Whisky bottles, Budweiser boxes and some dirty dancing: Danh Vo’s two shows in Brussels


Sometimes I am at a loss. I don’t know what to make of what I see. Take Danh Vo, for instance, currently with two shows in Brussels, one at Xavier Hufkens (‘New Sculptures’, through October 26) and one at Etablissement d’En Face (‘Dirty dancing’, through October 20). I know he’s a well-respected and hip young artist – selected for the official exhibition at the Venice Biennale – and just that fact makes these two shows must-see’s. But having visited the exhibitions, and having taken in all the necessary info, I still am at a loss.

A letter. Whisky bottles. An old shop counter. A huge reproduction of the Coca Cola-logo. Windows with texts written on them. An old, wooden African chair. Cardboard Budweiser boxes. And a dark gallery space that looks like it’s closed. These are some of the elements making up Danh Vo’s shows in Brussels.


At first glance: unimpressive. Hermetic. You wonder what to make of all of it. It’s only after you have been given some clues, that both exhibitions start to get more depth, and become more interesting. (The old issue: does art benefit from some explanation, or should it speak for itself? Funny detail: when I asked for clues at Etablissement, the gallerist sighed at first, thinking: here we go again, somebody who can’t think for himself, who wants me to tell what all of this means. I had to explain that I didn’t want to know what every single object meant; I just wanted a few clues, so I would grasp better what was going on.)

DanhVo_Hufkens4So, the letter, to begin with, part of both shows. It’s a copy of an old letter in French, written by missionary Théophane Vénard in 1861 to his father from his prison cell before he was decapitated in Vietnam. You can actually order your copy: Danh Vo asks his father to make one for you, handwritten. The Coca Cola logo? Also made by Vo’s father. When the canvas turned out to be too small for the whole logo, they had to add a part. The chair? Bought in Brussels at an antique shop. Vo has added an inscription and plans to make a bronze cast of it. The counter? Also bought in Brussels. It’s deliberately left empty: an object that has lost the function it was designed for (the presentation of luxury goods). And the cardboard boxes? They were sent to people in Thailand who normally cover inscriptions on temples with gold leaf. This time around they had apply gold leaf to the Budweiser-logo.

The empty Johnnie Walker-bottles? Also a reference to consumerism (the bottles are square, so more bottles can fit in a box), and also a way to just play with your mind: Is this party just over? Did I miss it? The same goes for the dark gallery space; it wants to make you think: Is it already closed? Did I miss the exhibition? All the info on the windows at Xavier Hufkens? Written by some of Vo’s nephews, copied from a book. Apparently they didn’t even know the meaning of the English words they were copying.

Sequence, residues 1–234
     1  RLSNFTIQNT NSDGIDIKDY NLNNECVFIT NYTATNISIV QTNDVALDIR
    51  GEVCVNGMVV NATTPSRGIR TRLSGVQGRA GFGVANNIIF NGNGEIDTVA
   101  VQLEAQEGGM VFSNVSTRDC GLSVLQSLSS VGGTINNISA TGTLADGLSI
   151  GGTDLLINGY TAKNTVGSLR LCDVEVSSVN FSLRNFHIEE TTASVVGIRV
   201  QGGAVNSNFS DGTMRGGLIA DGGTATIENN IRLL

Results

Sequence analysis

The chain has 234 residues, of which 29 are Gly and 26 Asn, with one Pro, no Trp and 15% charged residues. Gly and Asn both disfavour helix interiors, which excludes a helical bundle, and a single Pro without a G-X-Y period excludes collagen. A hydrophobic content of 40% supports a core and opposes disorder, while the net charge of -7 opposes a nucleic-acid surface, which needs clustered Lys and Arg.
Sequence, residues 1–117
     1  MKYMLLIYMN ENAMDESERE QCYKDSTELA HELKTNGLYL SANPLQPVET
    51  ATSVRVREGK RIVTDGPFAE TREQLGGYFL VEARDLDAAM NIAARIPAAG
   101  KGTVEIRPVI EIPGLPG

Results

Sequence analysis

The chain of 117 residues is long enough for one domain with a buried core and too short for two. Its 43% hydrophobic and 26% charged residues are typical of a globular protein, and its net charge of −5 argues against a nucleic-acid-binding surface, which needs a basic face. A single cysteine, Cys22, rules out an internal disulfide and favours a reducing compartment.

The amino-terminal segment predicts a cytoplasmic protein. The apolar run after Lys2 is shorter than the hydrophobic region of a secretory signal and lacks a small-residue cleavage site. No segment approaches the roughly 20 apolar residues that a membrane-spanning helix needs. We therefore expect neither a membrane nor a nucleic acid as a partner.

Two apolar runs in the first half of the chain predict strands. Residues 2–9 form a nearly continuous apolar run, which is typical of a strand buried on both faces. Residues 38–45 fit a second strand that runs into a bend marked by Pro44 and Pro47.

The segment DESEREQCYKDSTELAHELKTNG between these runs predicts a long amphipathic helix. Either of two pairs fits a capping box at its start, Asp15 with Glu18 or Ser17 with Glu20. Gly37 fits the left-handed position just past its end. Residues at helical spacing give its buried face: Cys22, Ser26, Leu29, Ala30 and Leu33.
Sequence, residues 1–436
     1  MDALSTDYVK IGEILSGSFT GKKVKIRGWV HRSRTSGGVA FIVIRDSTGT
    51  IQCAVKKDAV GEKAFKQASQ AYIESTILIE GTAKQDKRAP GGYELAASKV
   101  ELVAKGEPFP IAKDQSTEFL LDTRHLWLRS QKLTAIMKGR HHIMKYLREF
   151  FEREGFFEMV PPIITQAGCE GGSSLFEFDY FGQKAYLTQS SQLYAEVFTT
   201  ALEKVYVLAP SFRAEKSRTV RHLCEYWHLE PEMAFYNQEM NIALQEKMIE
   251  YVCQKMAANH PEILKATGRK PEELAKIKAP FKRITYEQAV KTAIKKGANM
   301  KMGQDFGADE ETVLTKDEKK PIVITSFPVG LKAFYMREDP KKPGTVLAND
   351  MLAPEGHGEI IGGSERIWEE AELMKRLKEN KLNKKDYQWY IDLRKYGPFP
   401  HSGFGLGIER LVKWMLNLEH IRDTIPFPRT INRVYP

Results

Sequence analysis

And so, bit by bit, both exhibitions start to come alive, and get some more depth. You realize Danh Vo (born in Vietnam; he grew up in Denmark after the boat his father made to flee the country was picked up by a Danish tanker), an artist always interweaving his art with references to his personal story (and asking members of his family to create some of his works) is playing with a lot of elements: conceptualism, appropriation, history, ancestry (and the weight of that), family, consumerism, colonialism, imperialism and American pop (and gay) culture (references to Top Gun and Dirty Dancing).

Fair enough. (Do read more about Vo’s work. The more you read, the more intriguing it becomes.) But in the end, I was still looking at an uninteresting copy of the Coca Cola-logo, at an old counter, a strange wooden chair and empty whisky bottles. Sometimes, exhibition rooms come alive. Start buzzing. It didn’t happen this time, and so I was at a loss. Wondering what to make of it. Did I miss the point? Or was I allowed to say: interesting and respected artist just passing through, repeating his tricks? Or: the Brussels episode, not one of Danh Vo’s best moments?






More info on Danh Vo? You’ll find his Wiki-page here, and interviews here and here. By the way: he’s also the artist who was invited by Wiels (Brussels) to make a second version of the Felix Gonzalez-Torres exhibition, in 2010.


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